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Travel Locks with CNC

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  • Travel Locks with CNC

    This question was in my mind about 10 years ago when I was just starting to get into machining in a serious manner and now that I am in the early stages of thinking about converting a machine or two to CNC it is back.

    I know from experience that if I want to do the most accurate work on almost any machine I have ever used, that it is a definite advantage to lock down any axis that is not required to move in the current cut. A lathe has a carriage lock. And you can lock the cross slide and compound with the adjustment screws. A milling machine has locks on the ways in addition to the adjustment screws. I have eliminated problems while making more than one part by just locking them down except when moving that axis.

    So, my question is, do any CNC systems make allowances for locking the axies when they are not moving? Many CNC systems or software talk about how many axies they can control: two, three, four, etc. Would I need to think in terms of additional axies to gain "lock down" control? Or would that just be a simple ON/OFF output associated with an axis?

    Or is there some reason why this is not done?
    Paul A.

    Make it fit.
    You can't win and there is a penalty for trying!

  • #2
    No, CNC machines do not lock any of their axis. Except Z sometimes, but it is a brake on the motor to keep the head from falling with the power off. Locking down a manual machine is mostly to counteract backlash on a mills screws and on the lathes handwheel gearing. CNC machine dont need this since they have very low to no backlash ballscrews or other methods of drive.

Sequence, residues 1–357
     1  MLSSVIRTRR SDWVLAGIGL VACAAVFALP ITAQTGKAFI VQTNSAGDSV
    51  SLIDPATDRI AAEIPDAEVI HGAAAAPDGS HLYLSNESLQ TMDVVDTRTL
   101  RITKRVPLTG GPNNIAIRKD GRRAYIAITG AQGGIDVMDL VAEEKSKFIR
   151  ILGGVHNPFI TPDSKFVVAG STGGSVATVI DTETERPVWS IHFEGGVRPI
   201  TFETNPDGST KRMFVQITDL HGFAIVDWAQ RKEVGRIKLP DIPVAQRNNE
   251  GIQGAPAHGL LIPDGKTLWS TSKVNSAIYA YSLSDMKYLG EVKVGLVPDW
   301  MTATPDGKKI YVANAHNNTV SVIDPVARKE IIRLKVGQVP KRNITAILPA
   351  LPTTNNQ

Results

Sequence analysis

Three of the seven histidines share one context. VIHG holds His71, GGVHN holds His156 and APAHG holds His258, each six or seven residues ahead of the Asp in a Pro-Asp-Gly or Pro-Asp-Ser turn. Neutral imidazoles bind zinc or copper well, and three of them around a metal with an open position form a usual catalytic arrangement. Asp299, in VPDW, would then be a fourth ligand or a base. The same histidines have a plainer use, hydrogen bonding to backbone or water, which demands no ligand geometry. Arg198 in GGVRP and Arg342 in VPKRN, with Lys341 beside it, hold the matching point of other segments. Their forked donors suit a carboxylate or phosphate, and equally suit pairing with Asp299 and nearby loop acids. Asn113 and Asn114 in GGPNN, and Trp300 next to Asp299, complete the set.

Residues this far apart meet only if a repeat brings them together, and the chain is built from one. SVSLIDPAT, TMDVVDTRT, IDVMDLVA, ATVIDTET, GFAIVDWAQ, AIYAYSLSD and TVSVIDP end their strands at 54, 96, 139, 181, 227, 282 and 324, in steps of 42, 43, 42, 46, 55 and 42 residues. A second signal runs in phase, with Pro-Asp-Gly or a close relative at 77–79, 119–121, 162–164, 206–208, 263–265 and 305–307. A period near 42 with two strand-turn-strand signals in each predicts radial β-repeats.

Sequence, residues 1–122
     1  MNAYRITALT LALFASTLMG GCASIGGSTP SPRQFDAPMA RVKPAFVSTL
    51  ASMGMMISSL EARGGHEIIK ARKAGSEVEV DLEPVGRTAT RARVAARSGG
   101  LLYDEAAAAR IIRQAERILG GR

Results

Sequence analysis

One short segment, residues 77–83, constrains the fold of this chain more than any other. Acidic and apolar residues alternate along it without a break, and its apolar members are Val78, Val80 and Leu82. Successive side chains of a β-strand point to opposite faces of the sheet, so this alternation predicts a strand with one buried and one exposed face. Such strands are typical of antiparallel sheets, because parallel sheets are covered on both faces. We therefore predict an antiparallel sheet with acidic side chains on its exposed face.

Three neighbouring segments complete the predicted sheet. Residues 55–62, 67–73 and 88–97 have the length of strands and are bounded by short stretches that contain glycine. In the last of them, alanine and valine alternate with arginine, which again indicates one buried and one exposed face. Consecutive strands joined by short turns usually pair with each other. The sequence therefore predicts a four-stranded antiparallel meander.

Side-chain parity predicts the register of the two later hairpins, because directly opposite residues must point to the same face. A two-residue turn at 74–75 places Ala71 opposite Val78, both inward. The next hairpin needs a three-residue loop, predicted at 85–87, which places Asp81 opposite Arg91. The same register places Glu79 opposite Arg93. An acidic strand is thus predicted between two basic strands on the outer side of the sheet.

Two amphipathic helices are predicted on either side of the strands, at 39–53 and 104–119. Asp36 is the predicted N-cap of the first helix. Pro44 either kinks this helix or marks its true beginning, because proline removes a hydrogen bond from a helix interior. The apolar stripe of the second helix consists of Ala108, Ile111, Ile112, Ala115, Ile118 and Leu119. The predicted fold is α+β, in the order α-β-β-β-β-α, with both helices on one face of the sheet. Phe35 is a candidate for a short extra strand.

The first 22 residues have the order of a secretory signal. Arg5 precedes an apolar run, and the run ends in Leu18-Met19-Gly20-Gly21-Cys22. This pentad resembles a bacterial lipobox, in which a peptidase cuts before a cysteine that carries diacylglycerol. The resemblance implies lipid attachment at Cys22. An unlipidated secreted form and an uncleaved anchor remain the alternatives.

Converting to CNC is a waste of time. Find a used machine with a toast control. They go for near scrap and you will be miles ahead. And a CNC machine, in general, is useless as a manual machine once its converted. By the time you do the conversion correctly (ie, ballscrews) the machine will be very difficult to use manually. Ballscrews are to easy to back drive. And ACMEs have too much backlash.

    It takes a lot of time and a good chunk of change to do a CNC properly. I still recommend servos over steppers, especially now that has come out with dc servo drives cheaper than a gecko stepper drive.


    • #3
      A commercial CNC machine has effectively zero backlash; for such operations such as drilling on a mill or facing on the lathe, this simply isn't needed since the motors actively control position even at zero speed. For a homebrew rig, air operated axis locks might help - but I'd be inclined to address the real problem - backlash between the motors and the machine motion.

      If the motors & encoders or stepper torque is sufficient to do accurate profiling, the machine is plenty stiff enough for single axis operations.

      - Bart
      Bart Smaalders


      • #4
        There's no point to locking the axes on cnc.

        The servo motors used are capable of holding the axial location of the shaft, so the ball screws are held by the motor itself when motion is not commanded.

        This also means you need to scrap all the lead screws on your manual machine to make way for ball screws which lack backlash. It's not often cost effective to convert a manual machine, when you could start with a fully functional OLD cnc machine and upfit the control and servo's to wind up with a better end product for less money.

        My nakamura was 4K and far better a turning center than any lathe I could assemble for that much money. The control on it is ancient, but for turning you really don't need a whole lot of controller to do complex work. At some point, I'm liable to retrofit it with a better control, but I haven't gotten there yet. Hell, my voest was 4500 and didn't even have a dro...